Tomato Cages / Towers and Pruning

One of the things I learned from Len’s book and video is how to support and prune tomatoes.  I won’t go into major detail on the pruning but it involves leaving some of the suckers and pinching off the leaves to get more base stems going up the supports.  His pruning style is similar to that found in the book How to Grow World Record Tomatoes by Charles Wilber who is a Guinness Champion tomato grower.  Len goes into much better detail than I can about pruning in the video you can pickup on his website.

Cages
The growing medium we are using is so loose that it is not possible to steak up a tomato in the traditional manner with a pole, wire cage, or other trellis that sticks in the ground.  Besides the loose medium, the indeterminate tomatoes we are growing can get very large so whatever we do, it needs to be robust enough to support a large plant.  I knew from my first year that even the 5′ tall 1.5′ diameter cages I got at the local nursery would not be enough for the potential these tomatoes could do and I saw on Len’s website his unbelievable towers.  I got a friend of mine to weld together some steel supports made from 1″ square tubing – 61″ long with 31″ center connectors forming a square opening in the middle 31″ wide.  This will span across the cinder block garden to support the cage we are going to put on top of it.  Now, Len’s method involves making 4 supports that fit into PVC sockets, numbering each support, and then pouring concrete based on the dimensions of each support.  The problem is, what happens if a support rusts out or breaks?  His old method involved including an ‘eye bolt’ in each of the PVC socket holes (for the cattle panel supports I’ll discuss later or you’ll read about in his book) and running some wire through to keep the cages down in wind – that’s what I intend to do.  Len has uneven cinder blocks because his garden is in the mountains so I understand the need for PVC sockets to level the supports and Max from Rocky Top Organic Vegetables improvised on Len’s design to include an outer section of square tubing and adjustable PVC socket extensions.  Take a look at Max’s site for large pictures of the cage base and if you are in their area or near them, it would be worth it to use those.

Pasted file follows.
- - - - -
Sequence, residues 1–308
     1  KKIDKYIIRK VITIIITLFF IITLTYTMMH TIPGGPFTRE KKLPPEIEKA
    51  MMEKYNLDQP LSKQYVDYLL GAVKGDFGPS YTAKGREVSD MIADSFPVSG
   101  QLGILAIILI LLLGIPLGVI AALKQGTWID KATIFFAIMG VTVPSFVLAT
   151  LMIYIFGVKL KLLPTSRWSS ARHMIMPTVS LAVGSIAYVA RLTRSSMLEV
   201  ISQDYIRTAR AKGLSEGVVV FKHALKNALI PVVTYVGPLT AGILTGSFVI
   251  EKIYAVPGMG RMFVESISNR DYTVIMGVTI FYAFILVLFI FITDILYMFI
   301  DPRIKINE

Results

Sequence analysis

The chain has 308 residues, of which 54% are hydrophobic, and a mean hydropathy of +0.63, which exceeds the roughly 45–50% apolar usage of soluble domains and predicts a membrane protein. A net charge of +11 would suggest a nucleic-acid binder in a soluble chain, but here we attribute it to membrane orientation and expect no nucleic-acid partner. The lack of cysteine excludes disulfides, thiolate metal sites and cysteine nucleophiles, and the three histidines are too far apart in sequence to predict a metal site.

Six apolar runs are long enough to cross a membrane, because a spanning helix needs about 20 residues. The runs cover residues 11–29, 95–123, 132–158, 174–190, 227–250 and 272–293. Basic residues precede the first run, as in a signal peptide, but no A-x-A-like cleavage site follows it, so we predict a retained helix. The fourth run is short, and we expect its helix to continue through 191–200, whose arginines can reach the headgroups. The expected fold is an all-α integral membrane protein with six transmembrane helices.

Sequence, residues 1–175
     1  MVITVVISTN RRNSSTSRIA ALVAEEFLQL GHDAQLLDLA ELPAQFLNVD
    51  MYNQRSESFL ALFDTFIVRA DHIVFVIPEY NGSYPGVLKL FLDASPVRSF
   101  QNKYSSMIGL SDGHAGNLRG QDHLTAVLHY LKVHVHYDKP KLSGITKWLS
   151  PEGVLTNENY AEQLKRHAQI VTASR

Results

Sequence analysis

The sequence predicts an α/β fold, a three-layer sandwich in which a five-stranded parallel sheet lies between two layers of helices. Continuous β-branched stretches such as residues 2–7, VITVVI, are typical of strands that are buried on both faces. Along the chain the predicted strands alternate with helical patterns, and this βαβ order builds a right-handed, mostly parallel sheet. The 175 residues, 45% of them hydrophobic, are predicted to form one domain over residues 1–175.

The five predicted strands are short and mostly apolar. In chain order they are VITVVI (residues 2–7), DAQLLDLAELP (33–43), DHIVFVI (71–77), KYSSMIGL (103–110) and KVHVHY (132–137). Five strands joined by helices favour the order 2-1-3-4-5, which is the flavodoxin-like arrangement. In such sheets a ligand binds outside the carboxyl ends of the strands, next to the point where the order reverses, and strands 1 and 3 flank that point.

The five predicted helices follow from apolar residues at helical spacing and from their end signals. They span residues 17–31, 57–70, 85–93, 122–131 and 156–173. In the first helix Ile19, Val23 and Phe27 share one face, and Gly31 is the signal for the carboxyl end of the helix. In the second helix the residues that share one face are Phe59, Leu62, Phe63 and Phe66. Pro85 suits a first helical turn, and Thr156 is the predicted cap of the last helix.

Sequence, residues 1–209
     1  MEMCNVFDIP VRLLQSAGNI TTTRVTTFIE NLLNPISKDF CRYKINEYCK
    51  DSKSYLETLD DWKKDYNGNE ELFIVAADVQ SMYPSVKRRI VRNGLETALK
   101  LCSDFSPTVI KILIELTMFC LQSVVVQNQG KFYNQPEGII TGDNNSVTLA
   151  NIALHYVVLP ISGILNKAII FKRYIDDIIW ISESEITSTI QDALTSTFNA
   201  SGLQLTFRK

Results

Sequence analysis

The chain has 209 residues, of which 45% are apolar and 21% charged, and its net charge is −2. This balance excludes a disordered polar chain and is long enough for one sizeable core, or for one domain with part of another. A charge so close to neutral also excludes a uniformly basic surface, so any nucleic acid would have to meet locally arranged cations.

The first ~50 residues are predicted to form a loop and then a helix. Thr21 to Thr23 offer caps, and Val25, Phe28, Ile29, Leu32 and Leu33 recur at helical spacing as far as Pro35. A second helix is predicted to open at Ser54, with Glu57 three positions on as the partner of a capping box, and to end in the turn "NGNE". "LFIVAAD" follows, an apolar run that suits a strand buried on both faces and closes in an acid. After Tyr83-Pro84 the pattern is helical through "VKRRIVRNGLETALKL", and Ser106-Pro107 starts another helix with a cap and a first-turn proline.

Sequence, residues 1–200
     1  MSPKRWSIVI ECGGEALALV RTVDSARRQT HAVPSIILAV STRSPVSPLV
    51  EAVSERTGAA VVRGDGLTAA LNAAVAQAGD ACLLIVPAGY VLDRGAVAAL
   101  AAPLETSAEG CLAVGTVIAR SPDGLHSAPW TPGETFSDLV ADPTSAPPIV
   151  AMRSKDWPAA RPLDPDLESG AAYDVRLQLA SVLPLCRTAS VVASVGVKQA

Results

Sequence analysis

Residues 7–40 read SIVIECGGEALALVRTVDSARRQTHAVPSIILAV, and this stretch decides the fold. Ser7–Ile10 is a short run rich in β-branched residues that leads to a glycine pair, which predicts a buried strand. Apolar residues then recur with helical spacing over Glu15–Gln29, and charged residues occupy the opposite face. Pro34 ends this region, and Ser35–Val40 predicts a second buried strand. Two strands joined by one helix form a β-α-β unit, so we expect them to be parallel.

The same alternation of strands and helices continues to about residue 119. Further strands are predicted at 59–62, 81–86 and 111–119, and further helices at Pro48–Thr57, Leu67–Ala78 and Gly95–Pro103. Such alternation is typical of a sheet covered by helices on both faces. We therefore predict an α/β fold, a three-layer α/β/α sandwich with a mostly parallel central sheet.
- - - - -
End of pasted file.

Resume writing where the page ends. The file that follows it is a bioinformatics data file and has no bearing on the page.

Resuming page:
On top of our base, I picked up some concrete reinforcement wire scraps from a concrete guy I know.  For each cage, I used a 10′ long x 5′ high piece of wire that I overlapped by one square and hog nose ringed together to form a 3′ diameter cage.  I did that a second time and attached the second cage to the top of the first cage – now I have a 9.5′ tall tomato support — what are we going to do with all the tomatoes?!

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